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Saturday, May 30, 2009

On solid grounds: Campground owners hope that spending on improvements pays off with more visitors in slumping economy

From the Wisconsin State Journal

By Marv Balousek

While some businesses may be making cutbacks because of the recession, Wisconsin's private campground owners have been spending money to make their properties more attractive to prospective customers this year.

They've invested hundreds of thousands of dollars to improve their facilities even without the benefit of federal stimulus dollars.

The owners expect to cash in as families scale back their Disney World plans this summer in favor of less-expensive weekend camping trips. Reservations are up this year for the 16-week season that began on Memorial Day weekend, according to two Wisconsin campground owners.

"Camping, even in stressful times, can be the outdoor activity of choice,"said Bud Styer, who operates five Wisconsin campgrounds. "People with families especially are still going to recreate and they're going to do something with their kids."

Styer said he is spending $565,000 this year at his five campgrounds and expects to recoup that investment in three to five years through camping fees.

He's spent money on things such as a Jumping Pillow for Baraboo Hills Campground north of Baraboo, blacktop for a circle around the pond at Merry Mac's Campground near Merrimac and a remodeled camp store at River Bend Campground, which he manages but doesn't own, west of Watertown.

River Bend, which features a 300-foot water slide, was closed last summer because of extensive flooding when the Crawfish River overflowed its banks. It didn't reopen until August. Styer said the campground had to be cleaned before improvements were made.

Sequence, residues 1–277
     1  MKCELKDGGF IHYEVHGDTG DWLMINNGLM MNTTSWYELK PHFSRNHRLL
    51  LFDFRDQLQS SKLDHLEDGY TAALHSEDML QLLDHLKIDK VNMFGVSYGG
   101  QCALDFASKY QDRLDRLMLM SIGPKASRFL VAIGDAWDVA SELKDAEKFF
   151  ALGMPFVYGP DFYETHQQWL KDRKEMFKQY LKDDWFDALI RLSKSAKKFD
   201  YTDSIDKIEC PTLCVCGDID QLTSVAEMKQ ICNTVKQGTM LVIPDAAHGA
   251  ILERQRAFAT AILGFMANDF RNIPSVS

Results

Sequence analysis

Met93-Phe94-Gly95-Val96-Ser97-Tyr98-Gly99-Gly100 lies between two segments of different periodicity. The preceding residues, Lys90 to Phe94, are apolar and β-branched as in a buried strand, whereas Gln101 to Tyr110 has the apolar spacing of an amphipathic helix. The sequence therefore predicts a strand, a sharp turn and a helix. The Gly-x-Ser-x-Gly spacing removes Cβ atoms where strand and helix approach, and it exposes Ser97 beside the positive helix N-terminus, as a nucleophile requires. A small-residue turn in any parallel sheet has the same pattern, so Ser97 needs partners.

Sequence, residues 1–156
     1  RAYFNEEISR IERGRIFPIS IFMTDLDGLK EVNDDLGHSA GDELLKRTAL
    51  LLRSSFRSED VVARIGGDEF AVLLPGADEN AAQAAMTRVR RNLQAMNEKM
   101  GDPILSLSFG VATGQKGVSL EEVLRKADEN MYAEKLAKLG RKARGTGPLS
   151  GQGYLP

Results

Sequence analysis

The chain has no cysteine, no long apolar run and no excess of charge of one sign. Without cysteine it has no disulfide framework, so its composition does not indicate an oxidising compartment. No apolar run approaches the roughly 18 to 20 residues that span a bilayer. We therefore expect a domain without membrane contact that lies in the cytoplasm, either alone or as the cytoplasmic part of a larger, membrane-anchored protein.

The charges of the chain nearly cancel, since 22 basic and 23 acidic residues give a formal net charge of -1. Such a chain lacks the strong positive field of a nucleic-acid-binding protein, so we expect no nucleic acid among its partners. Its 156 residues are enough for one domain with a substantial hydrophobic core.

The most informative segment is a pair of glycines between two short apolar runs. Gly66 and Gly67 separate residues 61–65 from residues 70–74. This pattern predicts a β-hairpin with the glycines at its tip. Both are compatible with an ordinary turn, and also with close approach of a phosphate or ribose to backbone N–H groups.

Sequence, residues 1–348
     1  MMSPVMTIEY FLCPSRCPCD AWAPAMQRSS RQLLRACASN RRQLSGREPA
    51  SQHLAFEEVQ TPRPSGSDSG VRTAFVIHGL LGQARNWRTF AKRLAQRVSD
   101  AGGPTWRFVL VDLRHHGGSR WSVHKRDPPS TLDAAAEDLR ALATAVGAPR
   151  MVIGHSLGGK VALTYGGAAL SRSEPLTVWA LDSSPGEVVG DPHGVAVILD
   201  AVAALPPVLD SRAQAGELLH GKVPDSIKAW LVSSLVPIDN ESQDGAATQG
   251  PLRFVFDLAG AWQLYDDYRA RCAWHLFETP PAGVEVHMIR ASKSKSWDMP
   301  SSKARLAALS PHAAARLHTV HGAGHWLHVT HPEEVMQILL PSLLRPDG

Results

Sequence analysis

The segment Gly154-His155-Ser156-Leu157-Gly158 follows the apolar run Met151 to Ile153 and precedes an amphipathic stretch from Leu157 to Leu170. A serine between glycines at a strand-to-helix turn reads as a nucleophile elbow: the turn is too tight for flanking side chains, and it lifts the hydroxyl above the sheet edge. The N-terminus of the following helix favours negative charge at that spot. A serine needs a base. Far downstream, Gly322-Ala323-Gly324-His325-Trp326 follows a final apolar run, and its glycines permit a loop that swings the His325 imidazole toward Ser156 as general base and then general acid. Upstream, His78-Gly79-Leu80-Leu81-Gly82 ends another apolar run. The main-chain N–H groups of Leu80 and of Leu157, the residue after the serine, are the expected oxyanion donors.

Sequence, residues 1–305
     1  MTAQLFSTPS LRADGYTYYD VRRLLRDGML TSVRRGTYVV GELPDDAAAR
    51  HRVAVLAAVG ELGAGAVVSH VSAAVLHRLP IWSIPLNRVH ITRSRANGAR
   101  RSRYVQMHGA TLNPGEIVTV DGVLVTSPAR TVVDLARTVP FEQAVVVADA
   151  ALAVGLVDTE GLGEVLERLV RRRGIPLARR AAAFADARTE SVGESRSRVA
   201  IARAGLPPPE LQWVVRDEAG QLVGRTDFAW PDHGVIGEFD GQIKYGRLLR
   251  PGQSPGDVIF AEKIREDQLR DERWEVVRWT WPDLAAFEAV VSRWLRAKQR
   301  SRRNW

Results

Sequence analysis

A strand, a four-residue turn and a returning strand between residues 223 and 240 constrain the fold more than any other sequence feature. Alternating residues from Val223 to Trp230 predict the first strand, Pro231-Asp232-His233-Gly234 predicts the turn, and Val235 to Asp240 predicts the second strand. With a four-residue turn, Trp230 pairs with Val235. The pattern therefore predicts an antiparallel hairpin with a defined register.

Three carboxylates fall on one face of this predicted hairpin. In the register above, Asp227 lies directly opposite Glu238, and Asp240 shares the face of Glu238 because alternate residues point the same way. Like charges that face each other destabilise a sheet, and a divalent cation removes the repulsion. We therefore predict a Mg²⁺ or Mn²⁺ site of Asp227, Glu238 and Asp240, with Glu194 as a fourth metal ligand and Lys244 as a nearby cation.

He also has upgraded Smokey Hollow Campground near Lodi and Tilleda Falls Campground west of Shawano.

Water-related features such as Water Wars -- a competition with water balloons -- or floating water slides and climbing walls are popular improvements at many parks.

"Years ago, we camped in a Coleman tent with a kerosene lantern," Styer said. "Nowadays, everybody's got to have electric, water, box fans and rope lights."

Styer said he's a great believer in "stuff" and that the more stuff you have, the more you can charge for campsites. A private Wisconsin campground with amenities can charge $39 to $50 a night, he said, compared to $25 to $35 a night for a standard campground.

"If you want to expand your business and generate additional revenues, then you have to have a better facility,"he said. "It has to have the bells and whistles. People are going to camp closer to home and look for the best value."

Upgrading campground facilities this year is a national trend, said Linda Pfofaizer, president of the National Association of RV Parks and Campgrounds in Larkspur, Colo. The association represents 8,000 private campground owners.

Although the investments could benefit them this summer, she said, most campground owners also are looking beyond the recession,

"The recession is temporary," she said. "Most campground and RV park operators believe that it behooves them to move forward with their improvement plans to remain competitive with other travel and tourism options."

Gary Doudna, owner of Buffalo Lake Camping Resort near Montello, said he's added two park models and rebuilt playground equipment.